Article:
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I have a packet Listener Thread in Java for UDP packets along with 2-3 other threads.

It was running fine till today but now the process javaw.exe has started using CONSTANT 50% CPU.

Here is my code.

public class PacketListenerThread implements Runnable {
    private SocketAddress receivedSocketAddress;
    private DatagramChannel channel;
    private ExecutorService pool;

    public PacketListenerThread(DatagramChannel channel, ExecutorService pool) {
        this.channel = channel;
        this.pool = pool;

    public void run() {
        while (true) {
            receivedSocketAddress = null;
            ByteBuffer recvbuf = ByteBuffer.allocate(1400);
            try {
                receivedSocketAddress = channel.receive(recvbuf);
            } catch (IOException e) {
            if (receivedSocketAddress != null) {
                pool.submit(new PacketHandlerRunnable(new TaskObject(receivedSocketAddress, recvbuf)));

I have stopped all other threads but this thread still uses "CONSTANT" 50% CPU .

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And I assume it is not throwing tons of exceptions over and over? I suspect that there are some exceptions that should cause the thread to exit. An IOException if the channel was closed for example. –  Gray Jul 17 '12 at 14:41
Code is working properly (updating db etc.). I have disabled other threads and pool.submit statement in above code. Still javaw.exe uses [13 % on my laptop (64 bit) 300K memory] and [50 % on other laptop(32bit) 50K memory] –  Solution Jul 17 '12 at 14:49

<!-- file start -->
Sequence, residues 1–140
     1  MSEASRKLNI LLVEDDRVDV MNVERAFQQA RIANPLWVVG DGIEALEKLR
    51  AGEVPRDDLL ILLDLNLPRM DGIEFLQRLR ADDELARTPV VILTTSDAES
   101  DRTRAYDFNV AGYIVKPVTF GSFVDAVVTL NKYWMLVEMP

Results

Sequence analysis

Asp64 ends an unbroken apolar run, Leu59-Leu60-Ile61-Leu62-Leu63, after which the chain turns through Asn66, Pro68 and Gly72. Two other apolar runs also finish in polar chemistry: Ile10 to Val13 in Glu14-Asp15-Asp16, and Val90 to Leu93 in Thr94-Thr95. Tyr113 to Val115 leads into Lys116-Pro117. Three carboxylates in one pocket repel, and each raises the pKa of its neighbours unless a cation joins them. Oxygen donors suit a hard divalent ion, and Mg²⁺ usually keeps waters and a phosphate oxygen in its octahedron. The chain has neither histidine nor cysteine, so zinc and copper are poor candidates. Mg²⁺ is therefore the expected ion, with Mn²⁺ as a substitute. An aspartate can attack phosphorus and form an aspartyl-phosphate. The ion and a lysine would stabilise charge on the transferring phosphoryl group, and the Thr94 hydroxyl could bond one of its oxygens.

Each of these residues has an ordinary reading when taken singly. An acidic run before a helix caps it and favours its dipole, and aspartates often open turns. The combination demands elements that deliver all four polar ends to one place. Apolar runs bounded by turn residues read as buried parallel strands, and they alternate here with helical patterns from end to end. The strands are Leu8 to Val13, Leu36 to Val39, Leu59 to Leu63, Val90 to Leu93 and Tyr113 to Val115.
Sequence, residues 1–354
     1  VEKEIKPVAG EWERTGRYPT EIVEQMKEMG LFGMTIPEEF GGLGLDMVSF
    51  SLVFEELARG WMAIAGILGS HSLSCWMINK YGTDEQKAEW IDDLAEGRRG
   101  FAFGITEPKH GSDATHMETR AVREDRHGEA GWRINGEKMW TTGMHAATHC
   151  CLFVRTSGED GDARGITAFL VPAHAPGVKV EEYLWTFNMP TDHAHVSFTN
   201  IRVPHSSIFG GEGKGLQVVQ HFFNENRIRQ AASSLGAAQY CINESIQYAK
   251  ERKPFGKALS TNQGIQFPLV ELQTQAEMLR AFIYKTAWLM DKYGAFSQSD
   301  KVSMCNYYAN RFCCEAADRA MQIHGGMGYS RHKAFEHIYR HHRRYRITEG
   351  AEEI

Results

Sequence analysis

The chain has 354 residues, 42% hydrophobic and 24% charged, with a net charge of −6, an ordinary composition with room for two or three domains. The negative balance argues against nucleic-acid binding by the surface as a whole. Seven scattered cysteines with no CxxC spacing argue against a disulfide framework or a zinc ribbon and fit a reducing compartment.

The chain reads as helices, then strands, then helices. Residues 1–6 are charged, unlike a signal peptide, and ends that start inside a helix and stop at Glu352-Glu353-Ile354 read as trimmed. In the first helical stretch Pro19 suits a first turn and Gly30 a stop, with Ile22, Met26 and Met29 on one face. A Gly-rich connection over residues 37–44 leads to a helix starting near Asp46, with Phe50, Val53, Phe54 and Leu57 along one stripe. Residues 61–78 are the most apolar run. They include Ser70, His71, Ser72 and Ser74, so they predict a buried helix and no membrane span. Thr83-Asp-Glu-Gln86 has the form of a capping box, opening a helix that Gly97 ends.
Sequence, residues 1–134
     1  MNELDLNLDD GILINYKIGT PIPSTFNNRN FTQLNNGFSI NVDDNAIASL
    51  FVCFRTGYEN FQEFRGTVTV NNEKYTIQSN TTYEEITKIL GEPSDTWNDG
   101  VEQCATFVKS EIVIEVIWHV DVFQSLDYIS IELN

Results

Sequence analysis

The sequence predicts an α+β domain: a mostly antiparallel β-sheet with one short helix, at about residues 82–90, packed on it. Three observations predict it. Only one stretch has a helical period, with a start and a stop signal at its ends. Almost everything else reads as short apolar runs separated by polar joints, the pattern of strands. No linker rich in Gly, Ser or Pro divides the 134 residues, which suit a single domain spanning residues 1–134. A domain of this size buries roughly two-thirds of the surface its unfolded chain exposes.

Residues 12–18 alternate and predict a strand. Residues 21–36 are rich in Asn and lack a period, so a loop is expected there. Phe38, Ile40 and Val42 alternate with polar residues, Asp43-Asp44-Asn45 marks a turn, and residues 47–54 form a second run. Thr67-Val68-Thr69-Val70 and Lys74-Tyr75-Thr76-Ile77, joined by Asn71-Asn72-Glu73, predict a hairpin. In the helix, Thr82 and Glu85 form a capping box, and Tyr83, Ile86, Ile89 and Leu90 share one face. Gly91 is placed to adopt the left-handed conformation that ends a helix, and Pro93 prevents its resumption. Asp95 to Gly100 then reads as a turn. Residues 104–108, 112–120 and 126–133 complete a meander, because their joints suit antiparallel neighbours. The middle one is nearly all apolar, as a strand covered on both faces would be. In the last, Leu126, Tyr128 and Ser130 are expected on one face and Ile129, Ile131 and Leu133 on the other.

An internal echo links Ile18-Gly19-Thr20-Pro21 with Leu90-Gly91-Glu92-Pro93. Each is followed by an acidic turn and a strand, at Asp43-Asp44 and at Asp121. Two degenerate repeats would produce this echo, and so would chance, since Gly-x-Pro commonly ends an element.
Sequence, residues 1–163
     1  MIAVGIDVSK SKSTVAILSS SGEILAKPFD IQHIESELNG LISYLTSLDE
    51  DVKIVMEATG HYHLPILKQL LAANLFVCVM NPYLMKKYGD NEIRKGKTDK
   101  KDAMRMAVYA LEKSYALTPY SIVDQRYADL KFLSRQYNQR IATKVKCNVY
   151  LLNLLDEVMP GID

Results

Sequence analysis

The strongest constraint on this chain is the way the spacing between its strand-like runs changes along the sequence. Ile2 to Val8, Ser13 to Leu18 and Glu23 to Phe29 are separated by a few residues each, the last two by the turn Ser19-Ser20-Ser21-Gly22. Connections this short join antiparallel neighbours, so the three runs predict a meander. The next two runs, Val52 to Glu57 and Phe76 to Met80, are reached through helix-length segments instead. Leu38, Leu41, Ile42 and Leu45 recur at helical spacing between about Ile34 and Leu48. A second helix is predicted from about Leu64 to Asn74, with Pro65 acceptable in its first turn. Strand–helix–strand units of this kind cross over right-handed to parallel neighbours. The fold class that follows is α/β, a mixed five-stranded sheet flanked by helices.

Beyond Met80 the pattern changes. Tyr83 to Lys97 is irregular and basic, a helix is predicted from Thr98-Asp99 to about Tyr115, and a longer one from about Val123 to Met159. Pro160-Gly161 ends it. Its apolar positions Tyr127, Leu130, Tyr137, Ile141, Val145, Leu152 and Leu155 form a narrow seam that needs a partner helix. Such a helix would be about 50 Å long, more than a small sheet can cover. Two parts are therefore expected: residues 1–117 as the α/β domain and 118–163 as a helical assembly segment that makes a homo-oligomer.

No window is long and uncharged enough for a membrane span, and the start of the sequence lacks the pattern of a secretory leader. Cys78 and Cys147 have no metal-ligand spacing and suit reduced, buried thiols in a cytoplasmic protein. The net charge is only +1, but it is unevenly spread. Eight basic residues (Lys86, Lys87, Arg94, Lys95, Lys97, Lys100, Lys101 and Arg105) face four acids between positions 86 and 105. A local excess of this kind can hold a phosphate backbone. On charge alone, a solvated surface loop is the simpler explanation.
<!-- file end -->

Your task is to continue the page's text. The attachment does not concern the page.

non-blocking mode and NO selector is just plain dumb, take notes! 50% cpu utilization also means you have dual-core CPU and I guess you run the code on windows too. –  bestsss Jul 17 '12 at 22:06
Yes its dual core & windows. Will learn about selectors. Which is better ? non-blocking+selector OR blocking+no selector. I Use same channel for sending/receiving to different IP/Ports –  Solution Jul 18 '12 at 4:42

1 Answer 1

up vote 3 down vote accepted

See Javadoc:

If a datagram is immediately available, or if this channel is in blocking mode and one eventually becomes available, then the datagram is copied into the given byte buffer and its source address is returned. If this channel is in non-blocking mode and a datagram is not immediately available then this method immediately returns null.

Maybe your call to channel.receive(recvbuf) does not block, so you are looping at inifite speed which explains your CPU load.

share|improve this answer
I use these for Channel-> channel=DatagramChannel.open(); channel.socket().bind(null);channel.configureBlocking(false); –  Solution Jul 17 '12 at 14:52
Check if receivedSocketAddress = channel.receive(recvbuf); is of value null. –  Michael Jul 17 '12 at 14:57
And in check I mean like in debug ;) –  Michael Jul 17 '12 at 14:58
by changing to channel.configureBlocking(true); cpu usage is fine 1-2% but will i miss any packets ?. Packets can come at any random time in any amount. –  Solution Jul 17 '12 at 15:03
you won't miss any packets since 'channel.receive(recvbuf)' will block until a packet is available. –  Michael Jul 17 '12 at 16:39

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